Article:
A train winds its way through a wintry forest; nine-year-old Liesel watches as her young brother dies in their mother’s arms. After the burial, the book thief’s first acquisition is The Gravedigger’s Handbook, fallen from the pocket of the gravedigger. Just as Great Expectations begins in a graveyard, the film The Book Thief begins with this unavoidable end of all earthly quests.
Liesel is soon separated from her mother, whose political views attract the unwanted attention of the Fuhrer. She is assigned a foster family, an elderly couple living on Himmelstrasse – Heaven Street. There she finds a gentle foster father who teaches her to read and to sing through fear, and a stern but sacrificial foster mother who teaches her to love, though haunted by insecurity. And there she also finds a true friend who teaches her to hate evil and cling to good.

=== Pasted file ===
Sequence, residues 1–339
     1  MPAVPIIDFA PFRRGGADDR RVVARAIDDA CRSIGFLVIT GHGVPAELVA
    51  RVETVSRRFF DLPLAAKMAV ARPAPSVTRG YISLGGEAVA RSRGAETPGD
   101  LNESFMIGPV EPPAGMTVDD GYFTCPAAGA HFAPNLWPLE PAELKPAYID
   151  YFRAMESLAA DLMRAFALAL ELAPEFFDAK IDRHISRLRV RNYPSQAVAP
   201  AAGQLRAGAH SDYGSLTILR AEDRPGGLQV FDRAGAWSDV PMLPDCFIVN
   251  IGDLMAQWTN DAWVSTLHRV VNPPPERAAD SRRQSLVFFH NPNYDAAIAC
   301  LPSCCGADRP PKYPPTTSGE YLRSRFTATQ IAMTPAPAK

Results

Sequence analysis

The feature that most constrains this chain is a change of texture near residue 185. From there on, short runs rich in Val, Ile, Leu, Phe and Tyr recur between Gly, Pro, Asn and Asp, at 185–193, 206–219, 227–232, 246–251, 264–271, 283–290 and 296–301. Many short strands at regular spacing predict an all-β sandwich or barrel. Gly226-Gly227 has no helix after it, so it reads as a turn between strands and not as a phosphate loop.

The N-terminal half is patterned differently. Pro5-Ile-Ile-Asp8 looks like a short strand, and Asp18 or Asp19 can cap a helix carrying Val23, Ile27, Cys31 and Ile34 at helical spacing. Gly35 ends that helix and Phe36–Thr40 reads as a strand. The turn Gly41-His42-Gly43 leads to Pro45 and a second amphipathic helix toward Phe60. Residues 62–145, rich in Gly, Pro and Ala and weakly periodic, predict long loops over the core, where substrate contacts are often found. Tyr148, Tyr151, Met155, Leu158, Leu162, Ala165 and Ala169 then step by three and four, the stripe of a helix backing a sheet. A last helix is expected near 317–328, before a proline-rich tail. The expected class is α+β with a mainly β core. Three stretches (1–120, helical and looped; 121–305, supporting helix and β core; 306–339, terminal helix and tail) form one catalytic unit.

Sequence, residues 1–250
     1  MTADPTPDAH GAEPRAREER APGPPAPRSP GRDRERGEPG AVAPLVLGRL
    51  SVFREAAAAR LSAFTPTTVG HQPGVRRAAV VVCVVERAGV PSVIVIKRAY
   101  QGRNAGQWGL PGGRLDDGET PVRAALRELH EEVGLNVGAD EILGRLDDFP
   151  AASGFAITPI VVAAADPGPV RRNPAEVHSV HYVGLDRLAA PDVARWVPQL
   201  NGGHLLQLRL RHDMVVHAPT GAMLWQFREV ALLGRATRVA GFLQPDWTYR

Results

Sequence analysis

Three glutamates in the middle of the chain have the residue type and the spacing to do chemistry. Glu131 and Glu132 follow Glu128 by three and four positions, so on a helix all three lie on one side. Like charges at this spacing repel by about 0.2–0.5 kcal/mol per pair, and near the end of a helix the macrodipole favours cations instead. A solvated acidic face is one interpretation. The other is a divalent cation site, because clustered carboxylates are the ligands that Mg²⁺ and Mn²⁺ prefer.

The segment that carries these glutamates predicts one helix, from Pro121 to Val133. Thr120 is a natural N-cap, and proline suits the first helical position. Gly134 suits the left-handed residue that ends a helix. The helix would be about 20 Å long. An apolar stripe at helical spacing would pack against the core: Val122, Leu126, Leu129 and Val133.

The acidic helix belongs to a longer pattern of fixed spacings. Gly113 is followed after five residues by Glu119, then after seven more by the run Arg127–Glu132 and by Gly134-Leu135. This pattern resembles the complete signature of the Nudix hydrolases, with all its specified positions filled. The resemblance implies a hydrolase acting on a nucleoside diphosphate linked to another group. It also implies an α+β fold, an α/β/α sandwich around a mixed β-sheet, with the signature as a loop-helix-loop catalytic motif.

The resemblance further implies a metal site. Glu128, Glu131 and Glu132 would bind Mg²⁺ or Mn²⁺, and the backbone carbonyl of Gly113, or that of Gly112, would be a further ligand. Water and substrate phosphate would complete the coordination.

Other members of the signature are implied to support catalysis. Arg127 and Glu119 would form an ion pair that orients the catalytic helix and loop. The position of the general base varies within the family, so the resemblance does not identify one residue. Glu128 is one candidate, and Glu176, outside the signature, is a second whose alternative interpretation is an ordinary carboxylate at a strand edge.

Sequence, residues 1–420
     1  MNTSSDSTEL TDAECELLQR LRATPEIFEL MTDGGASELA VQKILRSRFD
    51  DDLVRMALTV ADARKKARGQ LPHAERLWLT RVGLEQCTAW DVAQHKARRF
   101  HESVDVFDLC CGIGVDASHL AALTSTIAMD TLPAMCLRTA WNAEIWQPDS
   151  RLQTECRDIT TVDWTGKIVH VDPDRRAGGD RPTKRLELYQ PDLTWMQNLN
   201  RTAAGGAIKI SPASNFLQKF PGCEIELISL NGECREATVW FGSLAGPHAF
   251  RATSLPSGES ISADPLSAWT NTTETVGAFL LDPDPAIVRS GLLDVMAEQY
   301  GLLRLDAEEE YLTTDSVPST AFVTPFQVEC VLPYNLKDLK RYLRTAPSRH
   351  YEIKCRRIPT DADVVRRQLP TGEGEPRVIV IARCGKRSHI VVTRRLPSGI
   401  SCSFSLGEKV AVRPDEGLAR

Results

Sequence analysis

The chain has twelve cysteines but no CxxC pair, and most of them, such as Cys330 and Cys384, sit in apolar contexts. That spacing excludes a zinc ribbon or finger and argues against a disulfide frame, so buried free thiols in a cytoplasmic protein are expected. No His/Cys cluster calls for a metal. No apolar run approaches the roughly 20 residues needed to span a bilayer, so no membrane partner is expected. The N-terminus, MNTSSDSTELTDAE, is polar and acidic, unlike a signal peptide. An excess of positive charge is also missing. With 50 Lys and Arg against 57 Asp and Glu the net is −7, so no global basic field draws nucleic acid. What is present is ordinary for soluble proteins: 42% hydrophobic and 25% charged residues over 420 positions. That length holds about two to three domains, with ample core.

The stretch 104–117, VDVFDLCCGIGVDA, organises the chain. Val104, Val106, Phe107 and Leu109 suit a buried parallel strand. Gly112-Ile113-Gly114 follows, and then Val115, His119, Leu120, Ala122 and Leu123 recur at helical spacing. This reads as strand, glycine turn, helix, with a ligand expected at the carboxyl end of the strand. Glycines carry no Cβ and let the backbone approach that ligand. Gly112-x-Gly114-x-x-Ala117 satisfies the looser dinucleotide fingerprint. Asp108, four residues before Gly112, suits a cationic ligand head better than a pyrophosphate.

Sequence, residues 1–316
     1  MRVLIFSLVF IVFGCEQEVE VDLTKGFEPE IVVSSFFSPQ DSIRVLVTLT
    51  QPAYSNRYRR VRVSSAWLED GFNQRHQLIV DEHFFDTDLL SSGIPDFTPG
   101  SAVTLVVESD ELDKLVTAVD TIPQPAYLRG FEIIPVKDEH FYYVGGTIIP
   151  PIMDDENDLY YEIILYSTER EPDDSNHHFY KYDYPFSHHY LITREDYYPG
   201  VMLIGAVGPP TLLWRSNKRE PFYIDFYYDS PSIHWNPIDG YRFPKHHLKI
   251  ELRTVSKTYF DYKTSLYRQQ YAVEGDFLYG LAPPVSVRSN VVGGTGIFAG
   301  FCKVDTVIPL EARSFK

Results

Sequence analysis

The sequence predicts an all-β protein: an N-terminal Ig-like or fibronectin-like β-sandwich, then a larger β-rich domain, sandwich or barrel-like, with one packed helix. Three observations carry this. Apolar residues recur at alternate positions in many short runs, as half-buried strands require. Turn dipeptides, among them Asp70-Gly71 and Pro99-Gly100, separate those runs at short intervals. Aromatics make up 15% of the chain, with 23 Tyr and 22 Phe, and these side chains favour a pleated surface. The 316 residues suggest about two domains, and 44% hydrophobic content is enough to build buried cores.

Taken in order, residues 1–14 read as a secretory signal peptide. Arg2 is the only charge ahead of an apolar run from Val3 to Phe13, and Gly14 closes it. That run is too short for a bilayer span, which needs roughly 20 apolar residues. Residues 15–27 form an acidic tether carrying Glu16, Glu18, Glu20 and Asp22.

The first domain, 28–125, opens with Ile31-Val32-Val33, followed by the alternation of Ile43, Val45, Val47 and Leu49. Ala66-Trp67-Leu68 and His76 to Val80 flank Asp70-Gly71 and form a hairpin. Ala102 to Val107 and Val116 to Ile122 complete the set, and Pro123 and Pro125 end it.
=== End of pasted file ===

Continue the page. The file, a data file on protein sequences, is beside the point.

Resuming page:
Liesel is not the same girl at the end of The Book Thief. She is a young German girl seeing the War from the perspective of Max, a Jew her foster family hides in their basement. And she sees her beloved Papa conscripted into the army in retaliation for defending a Jewish neighbor. She knows suffering. She is acquainted with grief. But Liesel also sees that even in a bomb shelter, hope can flow from an accordion, and comfort sometimes comes with the telling of a story.
It does not require a spoiler alert to reveal that this film, like others set during World War II, ends where it began — with death. Most well made war movies (think Apocalypse Now) do not view death with the modern, sentimental, but false notion that death is simply a natural (and even beautiful!) part of life – that’s difficult in the midst of so much death and dying. For many, this shadow of death leads to darkness and despair.
Our own quests cannot bypass The Valley, but our Inspired stories, Inspired music, and Inspired poetry promise green pastures and still waters. Knowing that, is there any room for despair?